A swim into the wild

Ever since the late Roger Deakin swam through Britain by river, lake and sea the term ‘wild swimming’ has been used to describe the age-old practise of swimming in natural waters – river swimming and other outdoor swimming.

Wild swimming has a long and fascinating history stretching back through the centuries. Nordic kings and earls of Orkney were famed for their heroic swimming feats and welsh mercenaries took to the waters in a bid to win the hearts of the women they admired.

Native Americans sat in sweat lodges as a way of purifying the body and mind in the same way wild swimmers submerge themselves in the murky waters of the Bristol channel to achieve a similar goal. Water has a healing quality; ancient Egyptians practiced bathing rituals in hopes of curing ailments. Being in water can also improve emotional health and mental well-being including decreasing anxiety and exercise therapy in warm water can decrease depression and improve mood according to research.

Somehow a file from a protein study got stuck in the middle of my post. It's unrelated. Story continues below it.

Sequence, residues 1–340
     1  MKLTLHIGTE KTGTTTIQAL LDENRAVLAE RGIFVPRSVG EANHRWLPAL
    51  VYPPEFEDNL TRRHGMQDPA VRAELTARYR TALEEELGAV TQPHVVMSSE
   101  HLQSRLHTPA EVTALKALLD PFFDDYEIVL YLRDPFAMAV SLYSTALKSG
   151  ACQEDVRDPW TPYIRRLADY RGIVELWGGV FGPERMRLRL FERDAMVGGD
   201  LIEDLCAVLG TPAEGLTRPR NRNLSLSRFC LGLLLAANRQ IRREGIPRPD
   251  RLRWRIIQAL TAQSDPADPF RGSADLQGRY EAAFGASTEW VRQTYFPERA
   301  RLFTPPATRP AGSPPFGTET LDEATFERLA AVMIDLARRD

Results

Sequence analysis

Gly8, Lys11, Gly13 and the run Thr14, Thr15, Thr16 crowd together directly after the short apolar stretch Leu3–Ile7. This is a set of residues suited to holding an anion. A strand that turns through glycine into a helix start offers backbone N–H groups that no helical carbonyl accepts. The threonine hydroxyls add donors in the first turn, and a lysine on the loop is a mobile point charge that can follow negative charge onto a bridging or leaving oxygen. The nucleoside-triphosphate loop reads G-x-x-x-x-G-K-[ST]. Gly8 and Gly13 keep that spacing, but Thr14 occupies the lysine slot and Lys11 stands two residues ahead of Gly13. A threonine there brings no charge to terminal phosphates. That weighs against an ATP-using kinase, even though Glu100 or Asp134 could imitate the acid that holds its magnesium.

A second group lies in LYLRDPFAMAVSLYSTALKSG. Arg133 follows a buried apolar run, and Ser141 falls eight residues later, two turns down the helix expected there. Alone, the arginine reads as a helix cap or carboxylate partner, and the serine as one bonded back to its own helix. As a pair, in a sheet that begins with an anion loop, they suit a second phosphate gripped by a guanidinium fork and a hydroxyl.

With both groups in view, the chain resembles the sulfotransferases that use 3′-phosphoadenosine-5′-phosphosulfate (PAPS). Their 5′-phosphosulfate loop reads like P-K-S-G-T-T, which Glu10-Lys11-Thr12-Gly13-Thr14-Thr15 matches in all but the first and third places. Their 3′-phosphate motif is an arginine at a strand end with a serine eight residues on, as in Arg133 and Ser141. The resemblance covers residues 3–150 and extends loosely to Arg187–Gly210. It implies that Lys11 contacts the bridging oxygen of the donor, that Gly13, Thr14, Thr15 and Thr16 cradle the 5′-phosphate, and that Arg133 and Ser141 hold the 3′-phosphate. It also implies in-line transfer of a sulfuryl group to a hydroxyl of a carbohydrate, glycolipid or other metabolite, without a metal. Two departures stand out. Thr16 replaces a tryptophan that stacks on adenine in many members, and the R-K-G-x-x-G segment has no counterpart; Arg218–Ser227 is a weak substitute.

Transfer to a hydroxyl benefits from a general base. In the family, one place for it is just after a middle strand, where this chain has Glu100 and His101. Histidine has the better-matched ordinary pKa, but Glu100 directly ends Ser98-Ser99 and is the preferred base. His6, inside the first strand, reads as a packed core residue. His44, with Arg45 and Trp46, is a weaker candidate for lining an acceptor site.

Unlike the more traditional pool swimmers, wild swimmers are less interested in the competitive nature of swimming and more in the varying benefits and attributes of open water and its nourishing qualities. 

This series depicts wild swimmers throughout the country and the reasons why they swim outdoors and bears witness to the beauty and tranquil nature of wild swimmers and their relationship with open water.

Using Format